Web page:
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So I am giving Vim a serious try for coding my Python apps.

However Vim is proving so flexible, I was thinking to use it as my main editor at work (lawyer/legal documents). The problem is that my mother tongue is not English but Greek. So I have mapped Alt+Shift to change between English and Greek keyboard layout. The issue I am experiencing is that I have to press Alt+Shift each time I want to enter a Vim command (to return back to English). So its Alt+Shift when I type my document, then Alt+Shift again to enter Vim commands. This defeats the purpose of using Vim, speed of use.

So my question is simple, is there any way to avoid Alt+Shift for using Vim commands with the Greek language?

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1 Answer 1

up vote 18 down vote accepted

This problem can be solved with the help of the keymap option. It allows to define an alternate keyboard mapping to use in modes requiring text input.

To switch between default and alternate keymaps while in Insert, Replace, or Command-line mode, use Ctrl+^ (Ctrl+6). Changing keymap affects text input only; keyboard behaviour in Normal mode stays the same regardless of the current keymap setting. One can leave Insert mode writing in Greek and immediately use Normal-mode keybindings without switching to a different keyboard layout. If one then returns to Insert mode or, for example, starts a search by typing /, Vim switches the keymap back to Greek automatically.

The current keymap used in those text-entering modes is remembered between switchings to other modes. The only exception from this behaviour is made for Command-line mode which always starts with the default keymap, since most of the time it is required to type an Ex command (in ASCII). With the keymap option set, user is supposed to work in Vim keeping system keyboard layout set to English while switching Vim keymap with Ctrl+^ (instead of the system-wide layout switch).

To enable UTF-8 Greek keymap permanently, add the following line to your .vimrc file.

:set keymap=greek_utf-8

There are many predefined keymaps for a large set of languages, you can browse them all in Vim itself using :e $VIMRUNTIME/keymap. Note that usually there are several keymaps provided for one language which differ only by character encoding, so that anybody could choose one that suits their configuration.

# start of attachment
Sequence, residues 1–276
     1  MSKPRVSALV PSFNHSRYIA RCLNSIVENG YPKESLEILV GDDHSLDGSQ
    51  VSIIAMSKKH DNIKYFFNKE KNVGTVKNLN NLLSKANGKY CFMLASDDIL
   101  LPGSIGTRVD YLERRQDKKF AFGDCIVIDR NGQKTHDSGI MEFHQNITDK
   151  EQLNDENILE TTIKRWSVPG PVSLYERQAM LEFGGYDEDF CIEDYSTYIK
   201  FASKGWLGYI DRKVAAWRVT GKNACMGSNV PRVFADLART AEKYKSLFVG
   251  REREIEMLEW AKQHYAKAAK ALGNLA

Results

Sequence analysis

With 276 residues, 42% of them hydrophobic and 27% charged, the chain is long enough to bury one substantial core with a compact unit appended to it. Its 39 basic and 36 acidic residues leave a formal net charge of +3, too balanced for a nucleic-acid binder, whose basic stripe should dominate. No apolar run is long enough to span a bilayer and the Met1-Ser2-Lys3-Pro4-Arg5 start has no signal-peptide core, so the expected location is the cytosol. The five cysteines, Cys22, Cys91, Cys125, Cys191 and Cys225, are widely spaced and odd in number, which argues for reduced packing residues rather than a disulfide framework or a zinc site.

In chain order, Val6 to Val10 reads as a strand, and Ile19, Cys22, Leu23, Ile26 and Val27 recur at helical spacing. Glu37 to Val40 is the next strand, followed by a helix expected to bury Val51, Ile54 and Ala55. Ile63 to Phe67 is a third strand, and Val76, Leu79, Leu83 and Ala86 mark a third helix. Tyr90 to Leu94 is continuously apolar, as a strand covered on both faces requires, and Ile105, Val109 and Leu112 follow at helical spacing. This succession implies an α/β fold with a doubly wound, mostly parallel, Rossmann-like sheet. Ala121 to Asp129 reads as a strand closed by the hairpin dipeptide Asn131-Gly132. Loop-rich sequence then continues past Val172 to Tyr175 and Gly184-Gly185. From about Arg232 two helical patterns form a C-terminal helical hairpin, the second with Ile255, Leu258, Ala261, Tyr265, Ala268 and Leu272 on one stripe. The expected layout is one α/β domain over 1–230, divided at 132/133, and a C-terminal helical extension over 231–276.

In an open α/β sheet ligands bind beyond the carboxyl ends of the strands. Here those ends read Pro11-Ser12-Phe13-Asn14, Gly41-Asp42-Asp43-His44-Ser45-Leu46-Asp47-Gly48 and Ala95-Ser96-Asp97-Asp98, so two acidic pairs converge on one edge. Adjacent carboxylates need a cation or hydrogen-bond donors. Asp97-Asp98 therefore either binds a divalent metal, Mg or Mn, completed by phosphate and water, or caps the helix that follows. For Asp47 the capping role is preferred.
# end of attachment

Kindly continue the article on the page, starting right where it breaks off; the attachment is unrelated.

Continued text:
I also recommend setting the options below to specify whether the keymap should be enabled by default in Insert mode and when entering a search pattern.

:set iminsert=0
:set imsearch=-1

See :help iminsert and :help imsearch for their detailed explanations.

There is also a special language mode that, if I am not mistaken, was introduced in Vim earlier than keymap. It allows to achieve the behaviour similar to the one provided by keymap through manually specifying letter pairs that correspond to the keys on keyboard in a long string to be saved in the langmap option. Personally—my native language is not English, too—I prefer (and recommend) using keymap instead.

In conclusion, I should emphasize that all of the above is equally applicable to any other language Vim has (or can be configured to have) a keymap for.

See also my answer to a similar question that has been asked later. It includes a bit more extensive explanation.

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You are amazing!!! Your suggestion did not work, but you pointed me to the correct direction. All I had to do was to change set keymap=greek_utf-8 to set keymap = greek_iso-8859-7 . For a stange reason greek utf displays weird characters, the same happens with my firefox when it chooses utf, but iso also work there. Everything else worked like a charm I just press ctrl+^ in edit mode as you suggested and I can change between greek and englis while the command interface remains in english . You are a life savior , thanks. –  Kilon Sep 23 '10 at 12:07
Is it possible to use something else than ctrl+^. It's difficult to press Ctrl+Shift+6. –  Sergey Aug 3 '11 at 14:51
@Sergey: Ctrl+6 works as well. If it's still uncomfortable for you to type, create an easy to use mapping. For example, to remap it to Ctrl+L use inoremap <c-l> <c-^>. –  ib. Aug 4 '11 at 1:40
Ctrl + ^ just opens up a new file in the buffer for me; does not switch languages. –  dionyziz Feb 14 '12 at 11:17
@dionyziz: That is because Ctrl+^ switches to the alternate buffer in Normal mode; while in Insert and Command-line modes it toggles language mappings. Compare :help ^^ with :help i_^^ and :help c_^^. –  ib. Feb 15 '12 at 11:08

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